Remove Activation Lock Using iCloud
Once you’ve logged in (or have the app open) find your Mac in the list of devices. On the web, click on “All Devices” at the top of the screen, or use the “Devices” tab on a mobile device to locate your Mac.
From here, use the “Remove from Account” button to remove the Mac from your iCloud account. This will deactivate Activation Lock and make it so that you can no longer track the whereabouts of the device.
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Ask Apple to Remove Activation Lock
You can also use Apple’s Activation Lock support website to “Start an Activation Lock support request” as long as you have proof of purchase documentation. Apple states that this must include the serial number (or IMEI/MEID for mobile products) and the device cannot be “managed” (secured with Apple MDM, commonly used by companies and institutions), and Lost Mode cannot be enabled.
If you go this route, all data on the device will be erased as part of the process. Apple may not honor your request, so make sure you include as much information as possible (including detailed proof of purchase information) to increase your chances of success.
Avoid Buying a Mac With Activation Lock Enabled
Making sure the seller has disabled Activation Lock is one of the most important things to check when buying a used Mac. Ideally, the Mac will present as a brand new item, having been reset to factory settings (erased), greeting you with the “Hello” screen and inviting you to sign in and set it up.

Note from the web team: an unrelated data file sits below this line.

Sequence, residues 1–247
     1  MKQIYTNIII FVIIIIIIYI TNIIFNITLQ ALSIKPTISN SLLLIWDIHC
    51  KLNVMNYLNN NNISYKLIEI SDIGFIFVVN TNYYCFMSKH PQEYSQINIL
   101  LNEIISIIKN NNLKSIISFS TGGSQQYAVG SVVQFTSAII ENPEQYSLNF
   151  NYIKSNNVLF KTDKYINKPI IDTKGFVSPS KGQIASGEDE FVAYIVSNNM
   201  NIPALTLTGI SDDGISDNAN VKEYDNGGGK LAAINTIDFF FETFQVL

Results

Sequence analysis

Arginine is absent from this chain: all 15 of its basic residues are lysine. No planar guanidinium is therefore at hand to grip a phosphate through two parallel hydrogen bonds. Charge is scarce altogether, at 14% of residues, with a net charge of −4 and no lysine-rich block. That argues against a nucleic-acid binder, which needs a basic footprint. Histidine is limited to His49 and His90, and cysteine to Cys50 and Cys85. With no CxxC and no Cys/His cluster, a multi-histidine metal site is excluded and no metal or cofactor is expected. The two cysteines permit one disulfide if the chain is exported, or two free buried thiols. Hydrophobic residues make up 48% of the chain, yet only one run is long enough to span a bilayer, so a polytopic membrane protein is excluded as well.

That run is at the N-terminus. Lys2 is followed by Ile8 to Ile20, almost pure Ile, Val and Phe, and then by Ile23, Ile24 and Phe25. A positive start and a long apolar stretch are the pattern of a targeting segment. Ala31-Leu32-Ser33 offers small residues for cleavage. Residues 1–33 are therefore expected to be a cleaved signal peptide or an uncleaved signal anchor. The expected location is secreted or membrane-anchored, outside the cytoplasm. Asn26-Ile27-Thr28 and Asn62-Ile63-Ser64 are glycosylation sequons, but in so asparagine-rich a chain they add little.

If macOS boots as normal and all you see is a login prompt, make sure the owner logs in and either erases the Mac to factory settings or disables Activation Lock under System Settings > [Name] > iCloud > Find My Mac by clicking the “Turn Off” button and authenticating.
If you’ve already purchased a Mac and you’re having trouble with Activation Lock, you can try contacting the previous owner and walking them through the steps under “Remove Activation Lock Using iCloud” above.
Selling Your Mac? Remove Activation Lock First
The same advice about removing Activation Lock applies to sellers. When you erase your Mac, Apple should provide a login prompt to remove Activation Lock. You can always make sure Activation Lock is disabled by checking your Find My account either at iCloud.com/find or in the Find My app on another device. If your Mac is missing, Activation Lock was successfully disabled.
If you sell a Mac without Activation Lock removed you can always remove it from your account after the fact using Find My on the web or another device.
Remove Activation Lock From Other Devices
You can remove Activation Lock from an iPhone or iPad in much the same way. You can remove the feature from your Apple Watch in the Watch app on your iPhone by tapping the “My Watch” tab followed by “All Watches” then tapping the “i” button next to your Apple Watch to reveal the “Unpair Apple Watch” option.